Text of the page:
Interviewer: We’ll focus on illegal drug-related DUIs for illegal first. Percentage wise, out of all the DUIs you see, what percentage tend to be for illegal drugs like marijuana, cocaine, or heroin?
Brian: As far as DUIs, generally speaking, illegal drugs probably represent about 10% of the total cases. I would say of the DUIs concerning illegal drugs and prescription medications, illegal drugs are probably about 40% of the total.
Prescription Drug Use While Driving Comprise Most of the DUI Cases
Interviewer: It’s actually more prescription drugs that cause DUIs, is that right?
Brian: We definitely see more prescription drug cases. The police are starting to really arrest people that have been taking medications for their entire lives, people who are on new medications and people who had their medication doses changed.
The problem is the prosecutors have to prove that it was the medications that caused impairment. So if there is any issue with driving, any type of weaving, any type of swerving, any wide turn, anything, the prosecutor will blame that on the prescription medication simply because the prescription medications were present.
How Do the Police Suspect Impairment By Prescription Medication?
Interviewer: In those prescription medication cases, when people are stopped by Police, how does it end up with the police suspecting they are on prescription medications? Do they just ask or are people truly impaired by the drugs?
Brian: A lot of prescription medications cases don’t start out with the belief that someone is impaired by the prescription medications. Often an officer will see something they think is odd.
Sometimes, it is bloodshot, watery eyes. Sometimes it is slurred speech. Sometimes it is dilated pupils or overly large pupils. An officer will sometimes just rule out alcohol impairment but feel that there is some sort of other impairment present.
Blood Tests Are the Most Common Method for Testing for the Presence of Prescription Drugs
Quite often what happens is an officer will believe that there is alcohol impairment and draw blood under the theory that there is alcohol impairment. When the results come back, thy show a very low presence of alcohol or no presence of alcohol.
The police will simply test the blood for prescription medications or drugs at that point in a ‘Hail Mary’ move to see if there is anything present. If there is something present, such as prescription medications, it is sometimes the same prescription medications that people have been taking for years.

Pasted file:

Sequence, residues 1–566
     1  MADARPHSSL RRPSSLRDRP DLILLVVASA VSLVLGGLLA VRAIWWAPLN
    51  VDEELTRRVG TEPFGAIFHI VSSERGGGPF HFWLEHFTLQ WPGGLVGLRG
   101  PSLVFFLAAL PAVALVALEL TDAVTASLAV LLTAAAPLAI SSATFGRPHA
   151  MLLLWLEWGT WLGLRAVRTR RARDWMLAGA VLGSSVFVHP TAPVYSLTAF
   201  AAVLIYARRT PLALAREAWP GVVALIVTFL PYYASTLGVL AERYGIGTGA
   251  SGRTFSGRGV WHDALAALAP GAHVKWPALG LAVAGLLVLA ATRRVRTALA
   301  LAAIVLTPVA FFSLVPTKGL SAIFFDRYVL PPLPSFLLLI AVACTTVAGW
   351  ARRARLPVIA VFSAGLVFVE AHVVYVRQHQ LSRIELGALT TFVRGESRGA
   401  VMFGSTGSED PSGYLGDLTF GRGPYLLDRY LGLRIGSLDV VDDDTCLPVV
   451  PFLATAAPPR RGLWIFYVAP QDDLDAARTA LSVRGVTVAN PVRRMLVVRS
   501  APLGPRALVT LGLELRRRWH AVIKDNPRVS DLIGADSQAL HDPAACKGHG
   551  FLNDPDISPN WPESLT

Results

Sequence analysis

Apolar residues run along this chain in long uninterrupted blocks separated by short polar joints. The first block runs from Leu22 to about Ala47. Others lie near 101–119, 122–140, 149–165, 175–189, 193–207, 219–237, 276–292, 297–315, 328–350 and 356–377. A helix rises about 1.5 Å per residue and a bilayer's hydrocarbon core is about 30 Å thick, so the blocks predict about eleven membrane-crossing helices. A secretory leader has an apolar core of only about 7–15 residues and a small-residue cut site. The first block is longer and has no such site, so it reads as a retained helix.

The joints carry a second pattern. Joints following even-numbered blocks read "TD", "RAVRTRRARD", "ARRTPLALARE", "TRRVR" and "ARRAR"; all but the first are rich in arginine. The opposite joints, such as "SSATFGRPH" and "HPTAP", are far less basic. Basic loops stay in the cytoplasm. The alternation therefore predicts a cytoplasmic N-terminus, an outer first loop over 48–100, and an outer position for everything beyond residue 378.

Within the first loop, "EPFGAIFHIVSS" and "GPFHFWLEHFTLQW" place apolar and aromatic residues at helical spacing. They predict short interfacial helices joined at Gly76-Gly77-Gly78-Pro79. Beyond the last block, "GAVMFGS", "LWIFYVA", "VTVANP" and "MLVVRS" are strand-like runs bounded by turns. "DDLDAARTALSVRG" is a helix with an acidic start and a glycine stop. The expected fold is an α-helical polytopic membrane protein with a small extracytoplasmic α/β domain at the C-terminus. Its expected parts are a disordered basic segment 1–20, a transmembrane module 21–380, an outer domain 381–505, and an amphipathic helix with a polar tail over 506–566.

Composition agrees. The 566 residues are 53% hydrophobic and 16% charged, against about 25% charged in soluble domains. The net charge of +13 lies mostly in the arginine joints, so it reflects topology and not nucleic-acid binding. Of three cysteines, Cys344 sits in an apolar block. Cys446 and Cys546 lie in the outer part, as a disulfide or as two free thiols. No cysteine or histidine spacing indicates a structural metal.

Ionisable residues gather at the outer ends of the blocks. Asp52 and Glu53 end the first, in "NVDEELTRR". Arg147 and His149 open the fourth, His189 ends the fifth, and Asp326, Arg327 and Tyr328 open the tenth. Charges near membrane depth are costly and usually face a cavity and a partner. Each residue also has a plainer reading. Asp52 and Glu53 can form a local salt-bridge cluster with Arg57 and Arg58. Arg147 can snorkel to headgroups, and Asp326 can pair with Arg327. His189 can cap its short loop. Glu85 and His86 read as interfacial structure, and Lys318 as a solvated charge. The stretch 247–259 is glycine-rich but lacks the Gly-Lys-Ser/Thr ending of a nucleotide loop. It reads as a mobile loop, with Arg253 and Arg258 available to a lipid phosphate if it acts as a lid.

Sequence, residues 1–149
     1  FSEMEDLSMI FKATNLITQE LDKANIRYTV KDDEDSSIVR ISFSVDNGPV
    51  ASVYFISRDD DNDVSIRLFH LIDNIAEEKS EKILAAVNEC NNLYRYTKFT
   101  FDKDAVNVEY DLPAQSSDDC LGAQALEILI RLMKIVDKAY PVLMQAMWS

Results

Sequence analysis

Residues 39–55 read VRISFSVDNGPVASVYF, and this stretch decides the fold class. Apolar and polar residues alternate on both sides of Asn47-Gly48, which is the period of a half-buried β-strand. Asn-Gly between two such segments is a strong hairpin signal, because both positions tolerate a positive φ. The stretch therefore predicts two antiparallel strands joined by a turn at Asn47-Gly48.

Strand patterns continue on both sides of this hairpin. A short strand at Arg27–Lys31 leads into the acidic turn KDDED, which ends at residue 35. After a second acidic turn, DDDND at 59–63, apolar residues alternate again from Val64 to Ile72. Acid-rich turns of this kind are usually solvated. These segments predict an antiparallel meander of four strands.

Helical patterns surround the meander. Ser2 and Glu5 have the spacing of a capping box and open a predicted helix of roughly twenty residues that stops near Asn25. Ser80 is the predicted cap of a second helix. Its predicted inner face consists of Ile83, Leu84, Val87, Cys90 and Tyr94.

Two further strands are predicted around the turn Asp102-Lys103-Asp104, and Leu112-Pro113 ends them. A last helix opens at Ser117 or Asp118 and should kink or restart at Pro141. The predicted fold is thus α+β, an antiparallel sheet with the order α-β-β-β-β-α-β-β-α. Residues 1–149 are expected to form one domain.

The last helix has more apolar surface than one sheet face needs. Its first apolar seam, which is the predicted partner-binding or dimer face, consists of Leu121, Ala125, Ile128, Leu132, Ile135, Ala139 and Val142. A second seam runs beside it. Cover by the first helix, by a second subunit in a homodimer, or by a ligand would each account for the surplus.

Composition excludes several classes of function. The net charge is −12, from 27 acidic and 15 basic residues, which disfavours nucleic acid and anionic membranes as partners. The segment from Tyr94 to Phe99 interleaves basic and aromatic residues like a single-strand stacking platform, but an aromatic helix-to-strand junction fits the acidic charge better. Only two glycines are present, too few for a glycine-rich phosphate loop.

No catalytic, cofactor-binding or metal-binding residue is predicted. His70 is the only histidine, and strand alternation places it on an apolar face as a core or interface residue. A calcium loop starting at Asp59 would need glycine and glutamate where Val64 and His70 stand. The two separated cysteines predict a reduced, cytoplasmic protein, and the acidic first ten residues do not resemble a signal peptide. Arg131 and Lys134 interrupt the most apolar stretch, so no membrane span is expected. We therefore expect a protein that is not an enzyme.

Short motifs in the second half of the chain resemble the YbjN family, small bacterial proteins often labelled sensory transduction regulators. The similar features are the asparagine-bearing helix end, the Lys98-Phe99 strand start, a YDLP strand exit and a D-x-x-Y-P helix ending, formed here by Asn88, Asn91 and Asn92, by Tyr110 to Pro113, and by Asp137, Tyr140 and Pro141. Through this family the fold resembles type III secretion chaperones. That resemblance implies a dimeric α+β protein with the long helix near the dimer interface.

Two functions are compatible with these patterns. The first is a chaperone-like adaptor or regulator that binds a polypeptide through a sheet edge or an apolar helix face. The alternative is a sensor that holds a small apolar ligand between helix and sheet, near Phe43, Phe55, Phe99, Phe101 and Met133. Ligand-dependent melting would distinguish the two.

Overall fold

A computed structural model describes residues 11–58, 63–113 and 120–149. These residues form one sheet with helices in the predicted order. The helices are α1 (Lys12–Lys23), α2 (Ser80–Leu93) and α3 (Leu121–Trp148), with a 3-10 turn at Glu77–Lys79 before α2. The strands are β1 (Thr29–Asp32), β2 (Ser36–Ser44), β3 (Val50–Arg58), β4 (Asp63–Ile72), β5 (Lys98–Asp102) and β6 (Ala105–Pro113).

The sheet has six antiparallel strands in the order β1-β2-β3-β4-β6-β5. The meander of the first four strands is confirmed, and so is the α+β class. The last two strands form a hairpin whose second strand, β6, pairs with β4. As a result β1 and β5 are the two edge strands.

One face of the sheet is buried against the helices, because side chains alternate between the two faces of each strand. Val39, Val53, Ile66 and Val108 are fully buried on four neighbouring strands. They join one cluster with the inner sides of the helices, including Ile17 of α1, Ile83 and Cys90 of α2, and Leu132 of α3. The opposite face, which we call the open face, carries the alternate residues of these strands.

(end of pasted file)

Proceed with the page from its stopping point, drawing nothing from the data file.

The prosecutor will then allege that it was those prescription medications that must have caused the impairment because impairment was observed.
If You Are Stopped, Should You Tell a Police Officer that You Are Taking Prescription Medication?
Interviewer: Does it help anyone to tell the police that they are on certain prescription medications or does it just hurt their case?
Brian: I think it does hurt the case. With prescription medications, there are some that might cause impairment, and there are others that absolutely would not cause impairment.
Admitting that you were taking prescription medication is on par with admitting that you only had two drinks or that you only smoked a ”little” marijuana.
Admission is going to be used against you and it gives the prosecutor ammunition to say, “See these people were on medication, there is no denying they are on medication, that must have been what the officer was seeing that indicated that there was some sort of impairment present at the time.”
Interviewer: I’m sure most people don’t even think or dream that taking prescription medication could end up with them being charged with DUIs. I would guess most people are surprised and they admit it because they don’t think there is any danger.